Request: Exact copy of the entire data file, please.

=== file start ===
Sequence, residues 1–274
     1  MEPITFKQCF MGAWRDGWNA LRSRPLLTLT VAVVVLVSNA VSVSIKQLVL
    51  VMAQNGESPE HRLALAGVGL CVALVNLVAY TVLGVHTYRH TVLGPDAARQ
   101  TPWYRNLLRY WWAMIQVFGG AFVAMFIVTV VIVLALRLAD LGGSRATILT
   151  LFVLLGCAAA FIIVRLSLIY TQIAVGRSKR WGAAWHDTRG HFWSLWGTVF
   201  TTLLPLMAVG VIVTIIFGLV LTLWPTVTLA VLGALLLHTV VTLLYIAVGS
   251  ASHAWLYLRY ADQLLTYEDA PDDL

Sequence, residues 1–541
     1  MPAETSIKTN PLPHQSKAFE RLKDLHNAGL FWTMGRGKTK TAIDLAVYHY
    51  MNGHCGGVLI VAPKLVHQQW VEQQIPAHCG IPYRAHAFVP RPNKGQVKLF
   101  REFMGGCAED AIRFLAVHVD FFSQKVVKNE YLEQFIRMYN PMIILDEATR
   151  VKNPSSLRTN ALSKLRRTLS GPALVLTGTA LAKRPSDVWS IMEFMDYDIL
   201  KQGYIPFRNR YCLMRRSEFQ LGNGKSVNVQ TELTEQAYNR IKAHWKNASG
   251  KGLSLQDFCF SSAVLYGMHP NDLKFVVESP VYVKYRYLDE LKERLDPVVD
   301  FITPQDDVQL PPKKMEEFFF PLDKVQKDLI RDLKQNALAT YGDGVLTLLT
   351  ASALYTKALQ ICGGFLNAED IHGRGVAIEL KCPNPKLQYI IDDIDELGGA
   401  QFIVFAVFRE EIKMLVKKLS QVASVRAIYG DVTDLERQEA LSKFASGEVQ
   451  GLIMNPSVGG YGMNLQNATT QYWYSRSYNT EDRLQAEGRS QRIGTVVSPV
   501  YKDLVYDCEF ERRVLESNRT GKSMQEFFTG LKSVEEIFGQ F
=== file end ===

Sequence, residues 1–274
     1  MEPITFKQCF MGAWRDGWNA LRSRPLLTLT VAVVVLVSNA VSVSIKQLVL
    51  VMAQNGESPE HRLALAGVGL CVALVNLVAY TVLGVHTYRH TVLGPDAARQ
   101  TPWYRNLLRY WWAMIQVFGG AFVAMFIVTV VIVLALRLAD LGGSRATILT
   151  LFVLLGCAAA FIIVRLSLIY TQIAVGRSKR WGAAWHDTRG HFWSLWGTVF
   201  TTLLPLMAVG VIVTIIFGLV LTLWPTVTLA VLGALLLHTV VTLLYIAVGS
   251  ASHAWLYLRY ADQLLTYEDA PDDL

Sequence, residues 1–541
     1  MPAETSIKTN PLPHQSKAFE RLKDLHNAGL FWTMGRGKTK TAIDLAVYHY
    51  MNGHCGGVLI VAPKLVHQQW VEQQIPAHCG IPYRAHAFVP RPNKGQVKLF
   101  REFMGGCAED AIRFLAVHVD FFSQKVVKNE YLEQFIRMYN PMIILDEATR
   151  VKNPSSLRTN ALSKLRRTLS GPALVLTGTA LAKRPSDVWS IMEFMDYDIL
   201  KQGYIPFRNR YCLMRRSEFQ LGNGKSVNVQ TELTEQAYNR IKAHWKNASG
   251  KGLSLQDFCF SSAVLYGMHP NDLKFVVESP VYVKYRYLDE LKERLDPVVD
   301  FITPQDDVQL PPKKMEEFFF PLDKVQKDLI RDLKQNALAT YGDGVLTLLT
   351  ASALYTKALQ ICGGFLNAED IHGRGVAIEL KCPNPKLQYI IDDIDELGGA
   401  QFIVFAVFRE EIKMLVKKLS QVASVRAIYG DVTDLERQEA LSKFASGEVQ
   451  GLIMNPSVGG YGMNLQNATT QYWYSRSYNT EDRLQAEGRS QRIGTVVSPV
   501  YKDLVYDCEF ERRVLESNRT GKSMQEFFTG LKSVEEIFGQ F